A maintenance superintendent is an individual who is in charge of maintenance, usually maintenance of a physical plant such as a building, facility, public works system, or golf course. Maintenance superintendents are responsible for keeping the facilities they supervise in good working order, and to some extent for predicting needs of people who use the facility to ensure that they are met. These professionals may belong to professional organizations or unions which they use to establish professional connections and to maintain a high standard of job performance.
The maintenance superintendent is highly familiar with all of the systems which fall under her or his responsibility. For example, the maintenance superintendent at a bus yard knows all of the buses in the yard, keeping logs on them for the purpose of ensuring that they are maintained properly. In addition to knowing the facility or machines he or she is responsible for, the maintenance superintendent also manages a staff, delegating maintenance tasks to staff members.
Some maintenance tasks are routine, and may be fairly automated, requiring little attention from the maintenance superintendent. Others are more complicated, or happen intermittently, requiring the maintenance superintendent to make decisions who how they should be done, when they should happen, and who should perform the maintenance. The maintenance superintendent may also have the authority to call in outside professionals to assist with specific maintenance tasks.
In addition to keeping logs, maintenance superintendents also establish protocols which are used to schedule and manage maintenance tasks. These protocols determine everything from the order in which tasks should be performed to what to do during emergency situations, and they may be adjusted to accommodate changing facility needs. Maintenance superintendents are also usually involved with facilities planning, from discussions about planned retrofitting to plans to hold evening events, as these things can directly impact the maintenance crews.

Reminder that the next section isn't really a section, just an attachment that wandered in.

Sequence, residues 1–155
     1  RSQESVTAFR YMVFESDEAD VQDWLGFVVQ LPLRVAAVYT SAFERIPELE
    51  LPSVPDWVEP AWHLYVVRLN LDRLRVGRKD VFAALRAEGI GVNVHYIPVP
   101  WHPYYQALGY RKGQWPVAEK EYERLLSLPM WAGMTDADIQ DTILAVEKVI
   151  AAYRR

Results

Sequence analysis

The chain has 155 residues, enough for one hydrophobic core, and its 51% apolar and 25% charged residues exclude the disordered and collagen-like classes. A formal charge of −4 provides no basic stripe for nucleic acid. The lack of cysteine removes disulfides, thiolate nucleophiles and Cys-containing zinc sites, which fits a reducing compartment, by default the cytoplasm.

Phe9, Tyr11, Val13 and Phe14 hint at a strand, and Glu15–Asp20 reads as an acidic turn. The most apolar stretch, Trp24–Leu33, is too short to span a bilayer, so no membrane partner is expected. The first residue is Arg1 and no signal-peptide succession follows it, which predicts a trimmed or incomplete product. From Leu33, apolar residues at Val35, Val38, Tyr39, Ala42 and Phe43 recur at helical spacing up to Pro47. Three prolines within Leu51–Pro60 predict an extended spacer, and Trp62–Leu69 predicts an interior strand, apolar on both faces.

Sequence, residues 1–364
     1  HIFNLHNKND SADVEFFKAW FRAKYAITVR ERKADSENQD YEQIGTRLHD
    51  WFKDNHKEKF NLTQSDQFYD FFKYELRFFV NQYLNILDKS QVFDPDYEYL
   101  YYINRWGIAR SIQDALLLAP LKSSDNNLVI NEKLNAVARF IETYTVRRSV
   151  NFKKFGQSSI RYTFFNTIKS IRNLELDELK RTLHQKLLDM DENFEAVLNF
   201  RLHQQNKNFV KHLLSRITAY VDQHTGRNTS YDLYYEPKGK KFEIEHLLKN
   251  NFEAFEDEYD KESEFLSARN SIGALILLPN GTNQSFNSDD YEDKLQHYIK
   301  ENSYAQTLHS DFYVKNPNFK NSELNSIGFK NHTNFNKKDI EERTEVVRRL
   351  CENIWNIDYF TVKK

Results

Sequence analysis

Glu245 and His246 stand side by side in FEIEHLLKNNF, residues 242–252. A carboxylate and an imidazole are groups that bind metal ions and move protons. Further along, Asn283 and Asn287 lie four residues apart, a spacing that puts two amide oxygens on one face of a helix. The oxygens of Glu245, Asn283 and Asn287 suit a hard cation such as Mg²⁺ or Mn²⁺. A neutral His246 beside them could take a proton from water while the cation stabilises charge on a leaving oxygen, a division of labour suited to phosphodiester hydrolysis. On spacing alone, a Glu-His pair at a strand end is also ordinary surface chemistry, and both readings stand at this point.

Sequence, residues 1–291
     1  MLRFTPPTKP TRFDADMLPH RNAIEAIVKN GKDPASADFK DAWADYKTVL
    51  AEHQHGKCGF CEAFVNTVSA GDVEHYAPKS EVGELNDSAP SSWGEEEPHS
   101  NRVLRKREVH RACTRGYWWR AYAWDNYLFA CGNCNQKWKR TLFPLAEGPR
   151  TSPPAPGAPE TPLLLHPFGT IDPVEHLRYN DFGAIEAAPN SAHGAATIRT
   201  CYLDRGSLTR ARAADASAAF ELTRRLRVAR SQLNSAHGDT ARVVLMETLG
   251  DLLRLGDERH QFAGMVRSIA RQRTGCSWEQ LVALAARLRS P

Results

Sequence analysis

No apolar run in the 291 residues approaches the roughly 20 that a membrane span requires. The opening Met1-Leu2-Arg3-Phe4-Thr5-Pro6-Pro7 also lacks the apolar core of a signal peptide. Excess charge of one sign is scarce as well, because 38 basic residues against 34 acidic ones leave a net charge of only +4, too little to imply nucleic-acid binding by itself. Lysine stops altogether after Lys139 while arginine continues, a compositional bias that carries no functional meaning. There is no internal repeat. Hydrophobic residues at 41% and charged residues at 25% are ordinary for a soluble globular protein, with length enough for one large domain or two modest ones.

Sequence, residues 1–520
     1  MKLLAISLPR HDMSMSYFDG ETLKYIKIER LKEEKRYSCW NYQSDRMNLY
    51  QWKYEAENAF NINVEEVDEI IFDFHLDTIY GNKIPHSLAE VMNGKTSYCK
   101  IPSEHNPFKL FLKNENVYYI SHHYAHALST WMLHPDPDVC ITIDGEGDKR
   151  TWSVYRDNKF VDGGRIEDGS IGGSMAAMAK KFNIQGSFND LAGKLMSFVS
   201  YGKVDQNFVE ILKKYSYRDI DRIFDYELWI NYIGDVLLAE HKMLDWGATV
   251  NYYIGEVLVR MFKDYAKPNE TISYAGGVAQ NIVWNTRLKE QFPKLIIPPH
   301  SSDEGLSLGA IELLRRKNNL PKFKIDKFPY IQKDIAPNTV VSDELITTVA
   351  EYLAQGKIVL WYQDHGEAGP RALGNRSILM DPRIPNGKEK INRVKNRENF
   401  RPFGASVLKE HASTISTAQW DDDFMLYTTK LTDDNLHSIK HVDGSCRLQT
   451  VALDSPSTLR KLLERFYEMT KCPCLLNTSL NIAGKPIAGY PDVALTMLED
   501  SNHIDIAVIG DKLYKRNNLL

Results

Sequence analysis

Trusted with the day to day workings of the facilities they work at, maintenance superintendents are often present for the majority of the daylight hours so that they are available to address questions, handle emergencies, and supervise maintenance tasks. In some settings, the superintendent may live on site to be available at all times.
The maintenance superintendent salary varies, depending on experience, years with the organization, job responsibilities, and so forth. Many of these professionals work for government agencies, and are thus entitled to benefits which can improve their compensation even if their hourly wages are not very high. These benefits can include access to retirement plans, health benefits, paid vacations, and so forth.